Palestininan Authority approach to the United Nations for upgraded observer status has neighbours talking of 'grave consequences'.
Israel threatens to ignore Oslo accords
JERUSALEM // Israeli diplomats have put foreign leaders on notice that their country will consider its historic peace accords with the Palestinians null and void if they ask the United Nations for a state, according to a document obtained yesterday by the Associated Press.
The list of foreign-ministry talking points also instructs diplomats to tell world leaders that Israel will retaliate against the move, without specifying details.
The Palestinians, frustrated with a four-year impasse in peace efforts, say they will ask the UN General Assembly on November 29 to give them upgraded observer status.
A draft resolution floated by the Palestinians seeks international recognition of their state in the West Bank, east Jerusalem and the Gaza Strip, territories captured by Israel in the 1967 Arab-Israeli war.
Israel and the US strongly oppose the effort, saying all matters must be resolved through negotiations. Yesterday, a US envoy was set to meet the Palestinian president in Switzerland in a last-ditch attempt to halt the bid.
The document says that UN General Assembly approval of the Palestinian request would violate 1990s agreements between the two sides and "give Israel the right to reconsider and nullify" them in whole or in part.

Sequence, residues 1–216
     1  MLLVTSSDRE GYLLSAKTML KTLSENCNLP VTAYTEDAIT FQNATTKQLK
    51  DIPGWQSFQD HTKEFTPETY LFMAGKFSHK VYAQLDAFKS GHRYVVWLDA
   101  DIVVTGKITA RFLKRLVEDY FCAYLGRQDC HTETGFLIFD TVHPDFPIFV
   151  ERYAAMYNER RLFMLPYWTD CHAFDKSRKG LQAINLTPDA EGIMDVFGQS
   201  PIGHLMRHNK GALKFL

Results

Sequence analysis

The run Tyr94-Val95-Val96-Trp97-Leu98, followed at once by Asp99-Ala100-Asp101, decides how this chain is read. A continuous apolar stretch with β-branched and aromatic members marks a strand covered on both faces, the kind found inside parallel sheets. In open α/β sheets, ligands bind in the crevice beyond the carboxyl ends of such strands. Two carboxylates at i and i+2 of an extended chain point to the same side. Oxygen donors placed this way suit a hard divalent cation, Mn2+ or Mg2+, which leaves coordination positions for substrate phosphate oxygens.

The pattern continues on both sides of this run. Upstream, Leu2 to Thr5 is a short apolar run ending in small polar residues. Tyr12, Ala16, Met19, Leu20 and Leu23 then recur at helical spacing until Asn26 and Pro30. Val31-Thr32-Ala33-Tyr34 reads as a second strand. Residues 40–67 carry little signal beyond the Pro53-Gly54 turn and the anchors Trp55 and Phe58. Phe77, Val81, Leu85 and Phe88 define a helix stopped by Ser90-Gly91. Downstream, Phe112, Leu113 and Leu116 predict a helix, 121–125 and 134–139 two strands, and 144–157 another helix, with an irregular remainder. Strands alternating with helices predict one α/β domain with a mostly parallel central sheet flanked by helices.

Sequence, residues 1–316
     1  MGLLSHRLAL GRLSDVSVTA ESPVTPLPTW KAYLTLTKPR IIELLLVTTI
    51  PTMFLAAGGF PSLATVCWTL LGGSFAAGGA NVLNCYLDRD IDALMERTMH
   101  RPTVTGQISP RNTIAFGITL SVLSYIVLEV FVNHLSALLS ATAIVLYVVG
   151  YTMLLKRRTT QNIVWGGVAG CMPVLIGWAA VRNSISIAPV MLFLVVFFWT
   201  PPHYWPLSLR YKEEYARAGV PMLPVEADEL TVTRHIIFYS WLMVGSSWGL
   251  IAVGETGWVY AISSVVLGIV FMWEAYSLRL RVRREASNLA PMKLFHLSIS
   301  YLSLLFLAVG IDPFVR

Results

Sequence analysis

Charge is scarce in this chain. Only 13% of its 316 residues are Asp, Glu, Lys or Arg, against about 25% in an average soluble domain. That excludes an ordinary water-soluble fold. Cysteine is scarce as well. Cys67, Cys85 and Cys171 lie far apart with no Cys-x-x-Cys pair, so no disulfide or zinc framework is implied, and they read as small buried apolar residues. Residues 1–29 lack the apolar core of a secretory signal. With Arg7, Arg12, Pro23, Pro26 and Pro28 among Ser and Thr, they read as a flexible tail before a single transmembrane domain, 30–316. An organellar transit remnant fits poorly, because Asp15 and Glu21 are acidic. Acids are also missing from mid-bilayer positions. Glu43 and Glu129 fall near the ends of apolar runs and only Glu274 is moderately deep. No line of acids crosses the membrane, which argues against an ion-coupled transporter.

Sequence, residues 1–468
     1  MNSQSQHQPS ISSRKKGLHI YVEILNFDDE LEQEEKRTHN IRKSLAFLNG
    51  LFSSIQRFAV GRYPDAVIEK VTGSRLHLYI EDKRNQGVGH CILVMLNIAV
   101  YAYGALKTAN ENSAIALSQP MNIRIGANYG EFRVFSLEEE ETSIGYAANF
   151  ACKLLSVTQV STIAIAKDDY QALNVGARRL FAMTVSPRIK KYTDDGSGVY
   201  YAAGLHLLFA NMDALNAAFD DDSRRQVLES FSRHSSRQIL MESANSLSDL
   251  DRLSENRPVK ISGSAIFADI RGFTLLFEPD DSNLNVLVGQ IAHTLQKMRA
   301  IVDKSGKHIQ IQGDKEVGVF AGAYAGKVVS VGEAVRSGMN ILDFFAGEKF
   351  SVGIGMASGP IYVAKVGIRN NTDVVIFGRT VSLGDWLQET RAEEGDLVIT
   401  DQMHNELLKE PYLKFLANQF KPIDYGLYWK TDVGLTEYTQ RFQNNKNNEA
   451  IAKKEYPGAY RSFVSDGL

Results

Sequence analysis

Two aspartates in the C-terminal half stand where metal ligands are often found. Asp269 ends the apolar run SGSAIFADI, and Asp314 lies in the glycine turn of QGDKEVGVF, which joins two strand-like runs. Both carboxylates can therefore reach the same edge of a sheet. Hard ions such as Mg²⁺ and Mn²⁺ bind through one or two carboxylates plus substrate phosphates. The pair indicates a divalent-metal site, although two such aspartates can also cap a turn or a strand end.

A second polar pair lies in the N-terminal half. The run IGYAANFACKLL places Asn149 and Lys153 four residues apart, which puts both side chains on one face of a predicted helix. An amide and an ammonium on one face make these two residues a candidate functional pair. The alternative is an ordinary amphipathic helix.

"Adoption of the resolution by the General Assembly will have grave consequences, and set in motion unilateral Israeli responses," the ministry communique said, cautioning that it would also complicate future diplomatic progress.
Reuters reported seeing a draft document from the office of the Israeli foreign minister, Avigdor Lieberman, in which it said Israel must confront this challenge by means that could include "toppling [the Palestinian president Mahmoud Abbas] and dismantling the Palestinian Authority".
Mr Lieberman said in a speech at the settlement of Ariel in the occupied West Bank that if the Palestinian upgrade request was accepted by the UN General Assembly - as is widely predicted - it could force Israel to punish the Palestinians. "If the ... proposal is adopted at the United Nations General Assembly, as far as we are concerned this would be a complete breaking of the rules and it will elicit an extreme response from us," Mr Lieberman said yesterday.
The vice premier, Moshe Yaalon, speaking in a similar vein, told Army Radio yesterday that his country would "have to take steps to make it clear that there will be a heavy price" if the statehood petition goes ahead.
The prime minister, Benjamin Netanyahu, has also warned previously that a statehood appeal by the Palestinians would push peace even farther away and lead to instability.
The Palestinian people, exasperated after 44 years of Israeli occupation, insist they have no choice but to sidestep talks that have foundered for nearly two decades amid a toxic mix of intransigence, violence and failure of will.